The Augustus had the following nine passenger decks (arrange from beneath the top of the house): Sun Deck, Lido Deck, Boat Deck, Promenade Deck, Upper Deck, Foyer Deck, A Deck, B Deck, and C Deck. Sun Deck, which started off from the wheelhouse, chartroom, radio room, following along either side of aft, encircling the funnel casing, kennels, and the "robot" ventilator, was first class's facility. Lido Deck started off from a narrow full-wrap around promenade and officers' quarters, culminating aft with a bar, the first class pool, and changing rooms.[7]

Boat Deck started off forward with another narrow promenade, opening into wider expansion beneath a canopy of lifeboats and davits along either side. Inwardly, this level started off with the first class Belvedere Observation Lounge that was equipped with a panorama of windows overlooking the ship's bow.[7]

A reading room was continuing aft on the starboard side. This space's amidships was the first class writing room. The forward staircase's highest level was just aft with its burled panels and magnificent modern glass railings. Also, there was an elevator, linking the first class decks in this part of the ship. The deluxe suite facility started along port and aft passageways, to a small gymnasium, playroom, solarium, and message room on the starboard side. The aft part of Boat Deck, which had its own pool, lido and bar, was cabin class's facility.[7]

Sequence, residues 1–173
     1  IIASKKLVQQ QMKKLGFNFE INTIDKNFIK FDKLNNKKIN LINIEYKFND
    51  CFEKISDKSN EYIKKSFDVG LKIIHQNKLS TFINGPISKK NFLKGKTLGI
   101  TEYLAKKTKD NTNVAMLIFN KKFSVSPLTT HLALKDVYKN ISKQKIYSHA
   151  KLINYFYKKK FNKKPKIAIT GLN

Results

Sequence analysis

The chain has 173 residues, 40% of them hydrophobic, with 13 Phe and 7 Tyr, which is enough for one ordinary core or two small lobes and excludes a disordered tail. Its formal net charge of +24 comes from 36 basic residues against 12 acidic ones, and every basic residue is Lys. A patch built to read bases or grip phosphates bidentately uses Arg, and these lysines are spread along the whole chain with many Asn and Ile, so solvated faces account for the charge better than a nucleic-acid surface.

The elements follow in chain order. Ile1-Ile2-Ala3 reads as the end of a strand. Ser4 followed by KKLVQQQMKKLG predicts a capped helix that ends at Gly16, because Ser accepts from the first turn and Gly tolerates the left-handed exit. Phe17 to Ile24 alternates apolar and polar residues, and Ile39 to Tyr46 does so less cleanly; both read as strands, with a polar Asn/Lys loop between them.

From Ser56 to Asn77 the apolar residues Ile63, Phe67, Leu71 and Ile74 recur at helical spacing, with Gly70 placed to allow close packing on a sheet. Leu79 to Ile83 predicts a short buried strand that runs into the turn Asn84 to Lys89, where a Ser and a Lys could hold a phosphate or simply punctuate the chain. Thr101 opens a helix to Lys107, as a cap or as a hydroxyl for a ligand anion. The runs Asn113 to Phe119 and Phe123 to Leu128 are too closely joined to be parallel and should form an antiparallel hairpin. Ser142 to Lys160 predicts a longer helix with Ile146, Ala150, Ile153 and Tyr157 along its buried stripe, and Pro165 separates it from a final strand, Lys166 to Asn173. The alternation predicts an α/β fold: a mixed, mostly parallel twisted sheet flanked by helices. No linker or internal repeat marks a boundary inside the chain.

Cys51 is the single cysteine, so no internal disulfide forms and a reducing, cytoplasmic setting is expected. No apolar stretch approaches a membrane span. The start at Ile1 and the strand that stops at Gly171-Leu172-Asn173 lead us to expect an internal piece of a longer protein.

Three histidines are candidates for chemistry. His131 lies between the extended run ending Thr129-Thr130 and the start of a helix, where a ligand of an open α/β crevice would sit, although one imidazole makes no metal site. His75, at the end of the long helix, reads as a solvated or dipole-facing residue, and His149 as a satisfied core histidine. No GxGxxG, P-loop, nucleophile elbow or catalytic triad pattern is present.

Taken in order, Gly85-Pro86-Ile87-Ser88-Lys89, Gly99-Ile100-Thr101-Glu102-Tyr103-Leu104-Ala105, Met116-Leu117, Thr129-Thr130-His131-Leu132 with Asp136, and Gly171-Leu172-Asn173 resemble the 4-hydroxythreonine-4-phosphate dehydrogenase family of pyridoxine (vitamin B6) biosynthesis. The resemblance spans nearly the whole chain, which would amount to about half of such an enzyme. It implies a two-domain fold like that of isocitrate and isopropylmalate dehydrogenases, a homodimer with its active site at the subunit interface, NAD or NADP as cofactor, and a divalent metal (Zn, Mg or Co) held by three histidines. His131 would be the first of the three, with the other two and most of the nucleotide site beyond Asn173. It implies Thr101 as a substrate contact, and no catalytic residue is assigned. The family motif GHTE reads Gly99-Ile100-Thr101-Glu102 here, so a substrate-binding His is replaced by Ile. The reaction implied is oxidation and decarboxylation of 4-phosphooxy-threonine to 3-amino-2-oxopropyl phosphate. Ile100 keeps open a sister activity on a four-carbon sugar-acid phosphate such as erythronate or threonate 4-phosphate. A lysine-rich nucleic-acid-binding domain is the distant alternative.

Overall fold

Promenade Deck started forward with a first class observation area, then number three-like encompassing, continuing aft through narrow links to the glass-enveloped first class promenade. Inwardly, it started with the phenomenal social hall with its curved panorama of windows and an aft bulkhead that held sculptures and reliefs in bronze by Mascherini. In this sheered salon, the ceiling accommodated an oval recess in which the lighting was designed in a zodiac fashion. This room was converted into an auditorium in 1964. The only part of this social hall to be carried over into the auditorium was an oval ceiling recess constellation-like lighting arrangement.[7]